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Record-Setting Otto to Bring Thanksgiving Flooding to Central America

By: Jeff Masters and Bob Henson 4:07 PM GMT on November 23, 2016

The latest hurricane ever recorded to form in the Caribbean Sea, Hurricane Otto, has thankfully weakened to a tropical storm, but is still poised to make a most unwelcome visit to Central America on Thursday, when it will move ashore over southern Nicaragua. Otto will become the first Atlantic tropical cyclone on record to make landfall on (U.S.) Thanksgiving Day. Otto’s intensification to a hurricane on November 22 came about a day later than the previous latest hurricane observed in the Caribbean, Hurricane Martha of 1969. The last time a hurricane was seen this late in the year anywhere in the Atlantic was in 2005, when Hurricane Epsilon meandered across the Central Atlantic as a Category 1 hurricane on December 2 - 7. Otto became a hurricane at a latitude of 10.5°N—unusually far to the south in the Caribbean. Only Hurricane Martha, which became a hurricane at latitude 10.3°N on November 22, 1969, and maintained Category 1 strength as it moved south to 10.0°N on November 23, was a hurricane at a lower latitude in the Caribbean.

Figure 1. MODIS satellite image of Hurricane Otto taken at 1:24 pm EST November 22, 2016. At the time, Otto was a Category 1 storm with 75 mph winds, and was the latest-forming hurricane ever observed in the Caribbean Sea. Image credit: NASA.

Hurricane Hunters find a weaker Otto
An Air Force hurricane hunter aircraft finished a mission into Otto around 9 am EST Wednesday, and found that the eyewall of Otto had collapsed. NHC rated Otto’s top surface winds at 70 mph at 10 am EST Wednesday, but the Hurricane Hunters did not find any surface winds in excess of 60 mph, and the NHC conceded in their discussion that their 70 mph estimate may have been too high. Moderately high wind shear of 15 - 20 knots was likely to credit for Otto’s weakening, as strong upper-level winds out of the south-southeast were able to drive dry air to the south of Otto into its core. Satellite loops on Wednesday morning showed a considerable reduction in Otto’s heavy thunderstorm activity near its core, but there was an increase in heavy thunderstorms along a band well to the north of the center, and these thunderstorms will bring very heavy rains to Nicaragua and Honduras on Wednesday and Thursday. Otto had decent moisture to work with—about 65% relative humidity at mid-levels of the atmosphere, and sea surface temperatures (SSTs) were very warm, near 29°C (84°F), which was about 1°C (1.8°F) above average. Panama radar showed that Otto’s heavy rain bands were mostly offshore from that nation on Wednesday morning.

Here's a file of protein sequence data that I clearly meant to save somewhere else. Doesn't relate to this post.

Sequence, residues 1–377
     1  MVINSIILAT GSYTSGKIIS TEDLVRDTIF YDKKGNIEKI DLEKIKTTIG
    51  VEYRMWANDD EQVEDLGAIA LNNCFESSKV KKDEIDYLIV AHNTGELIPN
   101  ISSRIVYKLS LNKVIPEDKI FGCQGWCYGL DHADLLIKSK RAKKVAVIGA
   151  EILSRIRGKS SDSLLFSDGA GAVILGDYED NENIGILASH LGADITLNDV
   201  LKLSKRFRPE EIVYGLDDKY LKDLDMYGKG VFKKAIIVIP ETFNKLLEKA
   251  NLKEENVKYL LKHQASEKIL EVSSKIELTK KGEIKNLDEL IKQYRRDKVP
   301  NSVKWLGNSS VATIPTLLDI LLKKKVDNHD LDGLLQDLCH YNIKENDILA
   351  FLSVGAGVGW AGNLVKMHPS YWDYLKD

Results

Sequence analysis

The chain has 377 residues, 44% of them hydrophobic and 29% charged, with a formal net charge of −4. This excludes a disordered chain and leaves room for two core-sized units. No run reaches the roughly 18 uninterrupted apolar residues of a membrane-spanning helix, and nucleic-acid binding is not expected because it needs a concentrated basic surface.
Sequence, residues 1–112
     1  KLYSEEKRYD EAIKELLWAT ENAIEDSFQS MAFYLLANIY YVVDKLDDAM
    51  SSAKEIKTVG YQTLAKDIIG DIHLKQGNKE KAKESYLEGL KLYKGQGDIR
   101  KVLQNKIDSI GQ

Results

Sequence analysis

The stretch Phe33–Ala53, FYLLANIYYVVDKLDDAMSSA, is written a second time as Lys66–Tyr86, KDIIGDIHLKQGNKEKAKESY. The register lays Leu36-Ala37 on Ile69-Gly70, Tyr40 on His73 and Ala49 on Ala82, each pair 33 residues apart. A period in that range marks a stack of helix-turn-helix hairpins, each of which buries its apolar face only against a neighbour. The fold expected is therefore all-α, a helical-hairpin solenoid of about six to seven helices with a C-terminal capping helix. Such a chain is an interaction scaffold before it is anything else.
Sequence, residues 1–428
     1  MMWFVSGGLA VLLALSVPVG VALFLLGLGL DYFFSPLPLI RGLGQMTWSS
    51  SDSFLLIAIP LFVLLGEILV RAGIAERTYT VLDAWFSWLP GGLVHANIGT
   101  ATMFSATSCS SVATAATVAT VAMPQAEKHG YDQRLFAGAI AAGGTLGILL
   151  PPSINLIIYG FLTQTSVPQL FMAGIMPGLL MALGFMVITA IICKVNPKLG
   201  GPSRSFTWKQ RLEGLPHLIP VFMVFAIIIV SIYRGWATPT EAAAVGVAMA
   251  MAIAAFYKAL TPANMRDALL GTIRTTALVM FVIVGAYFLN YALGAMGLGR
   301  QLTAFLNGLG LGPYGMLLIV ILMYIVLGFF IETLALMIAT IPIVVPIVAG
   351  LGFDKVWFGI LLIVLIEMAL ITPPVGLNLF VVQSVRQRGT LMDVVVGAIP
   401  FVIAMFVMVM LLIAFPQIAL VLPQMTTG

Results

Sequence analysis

Track forecast for Otto
The track forecast for Otto is straightforward. A ridge of high pressure is building in to the north of the storm, and this ridge will guide Otto west-northwest and then west at an increasing forward speed. Otto will make landfall in southern Nicaragua late Thursday morning. It should take about a day for Otto to cross southern Nicaragua, which is much less mountainous than other parts of Central America. In fact, much of Otto’s path could be over Lake Nicaragua, one of the top-ten biggest freshwater lakes in the Americas. With land influence at a relative minimum, Otto is expected to be a tropical storm when it enters the Pacific on Friday. In this case, Otto would keep its name in the Pacific. Should Otto dissipate, but its remnants manage to redevelop in the Pacific, the new storm will take the name Virgil from the Eastern Pacific list.

More than a dozen “crossover” tropical cyclones have been recorded, most of them moving from Atlantic to Pacific rather than vice versa. The most recent was Hermine (2010), which formed as an East Pacific tropical depression before entering the western Gulf and striking the northeast coast of Mexico as a tropical storm. Otto would be the first crossover storm in modern records to keep its name in going from one basin to another, since NHC’s previous practice was to rename such systems. All of Otto’s predecessors in this realm--including Hurricane Cesar-Douglas (1996)--underwent a name change when moving from Atlantic to Pacific or vice versa.